First up is the Assault Air Bike Classic. The retail price of this bike normally sits at around $1000. However, at the time of writing, this price has been discounted down to $700. This second price is far more appealing, as it is hard to justify dropping $1000 for an air bike with some basic elements that other bikes have (such as the horizontal seat adjustments). The warranties that come with the Assault Classic are fairly reasonable for the cost. It has a 5 year warranty on the frame, 2 years on the non-wear parts and 1 year on the labour.

The more expensive of the two Assault air resistance bikes is obviously the Elite one. There’s a reason it is called Elite, after all. This bike costs right around $1,300 at retail price. It also has a 5 year warranty on the frame and a 1 year warranty on the labour. However, it adds an additional year to the parts warranty, which is certainly nice to see.

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Other Notable Parts Assault Classic and Elite Bikes

Other Notable Parts Assault Classic and Elite Bikes Comparison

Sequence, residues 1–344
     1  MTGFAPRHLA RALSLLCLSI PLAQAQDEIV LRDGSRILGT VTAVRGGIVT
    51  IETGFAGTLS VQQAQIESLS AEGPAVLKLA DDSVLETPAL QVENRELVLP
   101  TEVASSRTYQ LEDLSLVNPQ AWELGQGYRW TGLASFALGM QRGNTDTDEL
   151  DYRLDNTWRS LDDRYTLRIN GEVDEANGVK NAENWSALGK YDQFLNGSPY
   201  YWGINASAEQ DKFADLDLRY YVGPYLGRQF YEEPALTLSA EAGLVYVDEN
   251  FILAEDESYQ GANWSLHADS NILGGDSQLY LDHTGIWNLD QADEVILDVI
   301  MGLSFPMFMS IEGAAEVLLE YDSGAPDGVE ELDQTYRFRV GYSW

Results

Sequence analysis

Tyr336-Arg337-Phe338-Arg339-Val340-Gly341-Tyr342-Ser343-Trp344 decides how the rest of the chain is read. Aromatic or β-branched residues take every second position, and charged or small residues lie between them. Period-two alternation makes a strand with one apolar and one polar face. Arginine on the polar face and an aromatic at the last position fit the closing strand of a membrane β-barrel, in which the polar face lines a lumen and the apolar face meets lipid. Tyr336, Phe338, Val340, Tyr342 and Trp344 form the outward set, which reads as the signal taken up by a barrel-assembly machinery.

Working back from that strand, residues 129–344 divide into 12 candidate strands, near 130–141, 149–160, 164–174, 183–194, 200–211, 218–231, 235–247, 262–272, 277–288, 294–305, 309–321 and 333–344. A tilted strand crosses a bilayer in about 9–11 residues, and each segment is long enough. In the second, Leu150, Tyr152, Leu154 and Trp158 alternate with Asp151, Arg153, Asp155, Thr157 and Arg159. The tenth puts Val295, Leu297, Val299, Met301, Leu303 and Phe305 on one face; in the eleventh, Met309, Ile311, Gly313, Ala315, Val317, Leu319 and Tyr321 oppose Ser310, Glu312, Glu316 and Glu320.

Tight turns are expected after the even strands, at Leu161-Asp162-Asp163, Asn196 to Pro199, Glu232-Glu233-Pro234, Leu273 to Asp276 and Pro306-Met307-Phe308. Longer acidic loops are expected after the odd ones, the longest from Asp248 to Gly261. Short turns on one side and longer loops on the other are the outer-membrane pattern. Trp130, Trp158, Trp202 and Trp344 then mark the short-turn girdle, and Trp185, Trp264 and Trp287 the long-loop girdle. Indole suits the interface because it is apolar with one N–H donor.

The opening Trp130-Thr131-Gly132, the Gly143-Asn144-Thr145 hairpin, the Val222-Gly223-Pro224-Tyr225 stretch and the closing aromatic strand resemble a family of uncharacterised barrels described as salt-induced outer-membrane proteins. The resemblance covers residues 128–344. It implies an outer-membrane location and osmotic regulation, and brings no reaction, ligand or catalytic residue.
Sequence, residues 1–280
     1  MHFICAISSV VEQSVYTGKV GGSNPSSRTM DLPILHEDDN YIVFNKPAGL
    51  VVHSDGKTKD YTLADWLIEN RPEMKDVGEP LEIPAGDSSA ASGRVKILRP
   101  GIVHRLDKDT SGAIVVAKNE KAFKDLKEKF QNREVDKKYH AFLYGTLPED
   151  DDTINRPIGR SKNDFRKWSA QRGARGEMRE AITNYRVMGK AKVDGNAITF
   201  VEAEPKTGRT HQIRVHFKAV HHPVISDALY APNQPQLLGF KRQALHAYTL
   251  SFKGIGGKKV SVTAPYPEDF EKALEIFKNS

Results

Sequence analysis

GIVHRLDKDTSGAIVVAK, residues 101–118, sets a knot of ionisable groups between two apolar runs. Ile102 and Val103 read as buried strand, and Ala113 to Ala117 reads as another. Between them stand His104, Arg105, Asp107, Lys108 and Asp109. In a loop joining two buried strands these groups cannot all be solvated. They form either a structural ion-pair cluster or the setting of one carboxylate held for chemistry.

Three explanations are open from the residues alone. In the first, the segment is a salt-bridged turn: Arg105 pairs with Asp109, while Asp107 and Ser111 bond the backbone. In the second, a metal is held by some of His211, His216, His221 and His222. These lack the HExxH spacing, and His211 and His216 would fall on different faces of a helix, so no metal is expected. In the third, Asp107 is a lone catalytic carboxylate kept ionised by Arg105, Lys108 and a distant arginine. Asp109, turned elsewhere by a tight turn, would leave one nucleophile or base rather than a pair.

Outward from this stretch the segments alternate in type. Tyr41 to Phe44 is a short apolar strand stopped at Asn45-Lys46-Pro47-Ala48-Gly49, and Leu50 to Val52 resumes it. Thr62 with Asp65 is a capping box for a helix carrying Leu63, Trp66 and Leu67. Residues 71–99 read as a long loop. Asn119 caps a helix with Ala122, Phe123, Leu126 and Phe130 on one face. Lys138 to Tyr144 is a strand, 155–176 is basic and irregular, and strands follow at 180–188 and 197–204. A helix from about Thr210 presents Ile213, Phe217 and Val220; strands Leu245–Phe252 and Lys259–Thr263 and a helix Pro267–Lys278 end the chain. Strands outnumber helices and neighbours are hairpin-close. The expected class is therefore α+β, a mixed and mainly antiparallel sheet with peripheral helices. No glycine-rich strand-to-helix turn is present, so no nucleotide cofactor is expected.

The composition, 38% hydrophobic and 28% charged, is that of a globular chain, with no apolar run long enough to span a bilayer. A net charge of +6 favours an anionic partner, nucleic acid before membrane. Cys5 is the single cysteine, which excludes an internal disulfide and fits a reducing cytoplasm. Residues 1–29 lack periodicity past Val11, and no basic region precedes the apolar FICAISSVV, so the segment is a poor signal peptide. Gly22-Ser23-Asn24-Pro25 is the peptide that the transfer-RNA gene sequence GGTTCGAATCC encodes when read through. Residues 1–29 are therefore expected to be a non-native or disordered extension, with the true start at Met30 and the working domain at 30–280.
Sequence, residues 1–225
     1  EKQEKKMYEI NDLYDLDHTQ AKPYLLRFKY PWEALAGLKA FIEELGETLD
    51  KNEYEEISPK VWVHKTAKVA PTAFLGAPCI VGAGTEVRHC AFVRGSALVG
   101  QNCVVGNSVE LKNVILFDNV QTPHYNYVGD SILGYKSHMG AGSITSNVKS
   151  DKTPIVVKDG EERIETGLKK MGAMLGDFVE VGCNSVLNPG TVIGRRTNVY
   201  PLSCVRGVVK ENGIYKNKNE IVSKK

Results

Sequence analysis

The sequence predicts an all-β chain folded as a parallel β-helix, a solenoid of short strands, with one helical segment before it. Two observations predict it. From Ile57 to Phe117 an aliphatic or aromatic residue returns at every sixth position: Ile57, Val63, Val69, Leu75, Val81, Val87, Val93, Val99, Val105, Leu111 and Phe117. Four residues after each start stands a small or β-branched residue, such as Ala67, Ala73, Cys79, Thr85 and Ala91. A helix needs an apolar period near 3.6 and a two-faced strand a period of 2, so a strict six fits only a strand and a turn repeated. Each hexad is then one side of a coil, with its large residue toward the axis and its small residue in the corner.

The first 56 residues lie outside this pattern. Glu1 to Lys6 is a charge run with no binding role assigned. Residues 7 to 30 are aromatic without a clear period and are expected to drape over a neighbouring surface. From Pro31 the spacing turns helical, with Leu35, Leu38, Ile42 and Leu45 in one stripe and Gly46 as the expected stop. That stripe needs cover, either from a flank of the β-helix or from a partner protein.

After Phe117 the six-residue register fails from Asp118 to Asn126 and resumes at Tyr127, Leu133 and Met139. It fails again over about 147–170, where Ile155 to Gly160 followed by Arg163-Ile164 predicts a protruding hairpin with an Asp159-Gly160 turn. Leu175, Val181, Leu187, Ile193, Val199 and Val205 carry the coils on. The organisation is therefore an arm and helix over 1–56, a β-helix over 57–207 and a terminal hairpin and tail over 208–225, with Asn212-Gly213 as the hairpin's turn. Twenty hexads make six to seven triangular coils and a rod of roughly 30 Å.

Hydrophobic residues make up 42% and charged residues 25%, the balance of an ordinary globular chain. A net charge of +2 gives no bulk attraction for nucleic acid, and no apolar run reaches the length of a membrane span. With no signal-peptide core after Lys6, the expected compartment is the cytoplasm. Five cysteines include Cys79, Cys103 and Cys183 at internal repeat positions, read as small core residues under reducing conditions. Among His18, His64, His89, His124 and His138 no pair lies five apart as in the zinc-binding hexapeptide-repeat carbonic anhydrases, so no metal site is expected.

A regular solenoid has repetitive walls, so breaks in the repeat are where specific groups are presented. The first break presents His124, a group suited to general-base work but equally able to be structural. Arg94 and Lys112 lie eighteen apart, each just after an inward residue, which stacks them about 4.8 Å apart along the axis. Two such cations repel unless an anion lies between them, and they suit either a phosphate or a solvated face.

NameFootRestHolderBottleBoxWeightAssembly
Assault EliteYesCan place a tablet on the monitorNo bottle holder53" L x 14" W x 38" HBox Weight: 155 LbsEasy (tools included)
Assault ClassicYesCan place a tablet on the monitorNo bottle holder51" L x 11" W x 35" HBox Weight: 111 LbsEasy (tools included)

Considering both of these Assault air resistance bikes do take the approach of having few bonus features or knick-knacks, we were even debating putting this section in. However, we figured that it would be helpful just to reinforce the idea that there is not a lot else offered besides the core features on these air bikes.

The foot rests on these two Assault air workout bikes sit right outside of the fan and allow you to take a break, if only for a moment. It can also let you go and focus on the upper body when working out. The lack of any sort of water bottle holder is disappointing, as the ability to hydrate as you exercise is one that you’d like to see on air bikes like these.

Both of these Assault bikes do have a place to hold either a phone or tablet, up near the monitor. This is appreciated and somewhat surprising for bikes that seem to put such a focus on concentrated exercise.